Earth Defense Force 4.1 Review – The Best B-Movie Game

Dave Aubrey
Posted Mar 7, 2016
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Developer/Publisher: Sandlot/XSEED Games
Platform: PlayStation 4, $49.99
Review code provided by the publisher.

B-Movies are the best, aren’t they? Those goofy, unrealistic and completely unbelievable movies involving a completely absurd concept that no large movie studio would go anywhere near – they are truly incredible. A killer tyre? Worth making a movie from. Cheesy aliens? A prime idea. Those incredible movies do their very best to replicate big-budget thrills using only pocket change, and for that alone they’re commendable. I mention this because Earth Defense Force 4.1 is the definition of a B-Movie game – it’s got all the scale, thrills and action of its AAA cousins, but at a clearly lower budget, cheesy, low-poly enemies and the done-to-death concept of aliens invading the earth. And it’s the best B-movie I’ve ever seen.

So, just to be clear, Earth Defense Force 4.1 is not a movie. EDF is a game where you fend off alien forces from invading very Japanese towns and cities. It sounds, and looks, incredibly… Not-good. Buildings are very angular, the environments look uninspired, there’s not much detail to be found in any of the textures – even the menus were described by my friend as something that should “be in a Gamecube game” which I couldn’t help but agree with. The game is a remaster of an earlier game – EDF 2025 – which is clearly noticeable from the graphics. The whole package screams either low-budget or low-effort. And it’s with great pleasure that I say that the moment-to-moment gameplay is the complete opposite – it’s definitely not low-quality, it’s genuinely good fun.

When I first turned the game on I was a slow moving army man, in a very bland city, shooting very unimpressive guns. Not the best first impression. Suddenly, a flurry of red dots appears on the my radar, rants about giant insects came screeching over the radio – so I turned in the direction of these red dots and stared. It’s a horizon. A typical skyline. Houses, trees, buildings in the distance… But wait, there’s something more. Some scuffling on the horizon, small, at first, slowly becoming more and more active. Before you know it, almost the entire horizon is covered in hyperactive creepy-crawlies – and oh my god is it ever intense. Like Indiana Jones being chased by a boulder with nowhere to run to, I stood and shot all my guns, taking down hordes of the encroaching ants. Before you even know what has hit you they have completely surrounded you, on all corners – escape is unlikely, all you can really do is shoot your way out. Which, eventually, you will.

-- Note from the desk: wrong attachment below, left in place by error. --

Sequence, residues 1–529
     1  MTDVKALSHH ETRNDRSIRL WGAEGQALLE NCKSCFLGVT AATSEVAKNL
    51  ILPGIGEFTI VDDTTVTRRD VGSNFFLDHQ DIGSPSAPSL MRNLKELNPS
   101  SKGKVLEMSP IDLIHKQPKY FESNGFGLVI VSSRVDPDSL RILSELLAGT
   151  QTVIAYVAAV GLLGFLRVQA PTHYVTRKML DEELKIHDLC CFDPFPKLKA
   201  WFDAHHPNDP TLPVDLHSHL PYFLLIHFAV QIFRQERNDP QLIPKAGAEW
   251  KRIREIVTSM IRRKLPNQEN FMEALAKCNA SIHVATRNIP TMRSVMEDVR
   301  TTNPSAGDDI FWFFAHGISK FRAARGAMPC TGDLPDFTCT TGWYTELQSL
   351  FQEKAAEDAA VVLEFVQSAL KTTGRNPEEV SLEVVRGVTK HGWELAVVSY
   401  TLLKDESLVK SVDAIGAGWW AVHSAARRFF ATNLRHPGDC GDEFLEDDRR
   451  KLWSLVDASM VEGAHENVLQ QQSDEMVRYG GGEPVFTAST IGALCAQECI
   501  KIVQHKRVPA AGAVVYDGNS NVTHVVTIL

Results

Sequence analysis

It’s an incredible first impression, to be honest. When the game starts it feels sluggish, lazy, and then as soon as the storm of insects hits Earth Defense Force 4.1 changes for the best. Suddenly adrenaline starts pumping, a furious battle begins and it’s a complete thrill. Just when I thought I’d found out what makes this game so incredible, I find the other classes – more specifically my favorite, the Wing Diver.

The Ranger is the standard class, heavy on firepower but low on mobility. The Air Ranger has a variety of techniques to use, such as calling in air strikes, placing explosives or even assisting the health/ammo of other soldiers. The Fencer is a heavy, and quite slow unit, with the potential for absolutely massive damage dealing – shame it can’t move as fast as you’d like it to. Then we come to the Wing Diver, the majestic Wing Diver. Whether it’s raining explosive plasma down on giant spiders or flying over hordes of ants as you individually laser them to death, the Wing Diver feels like the best part of the game by far.

What the Wing Diver makes you realize is that these maps for stages are surprisingly large. You can fly to the tops of buildings, power pylons and more, looking down on the chaos the alien insects are creating. Moments like destroying alien dropships by hovering underneath them with the Wing Diver and shooting into hatches feel very satisfying. Overall, it actually makes you feel part of a large-scale battle for the survival of humankind, something that so many war and army games have failed at over and over again.

Split-screen co-op is an addition which I am infinitely grateful for. Sure, the frame rate can tank, especially in the more insect-heavy scenes, but being able to fight off the alien fiends with a friend you can coordinate with is brilliant. “I’m stuck in a spider web!” I cry, as my friend assures me he’ll be over just as soon as he’s countered the ants turning a skyscraper into their nest.

The insects themselves may look a bit silly and unrealistic, but in droves they can be terrifying. Jumping spiders say hello early on in the game, and their introduction is magical. Suddenly you see one jump leagues over a house, then twenty or thirty follow suit. These organic moments happen all the time, from a distance you’ll notice insects being dropped in, or approach from the other side of the map. Again, the sense of scale, urgency and the elation you get from dropping explosives on a large crowd of insects is all very, very real.

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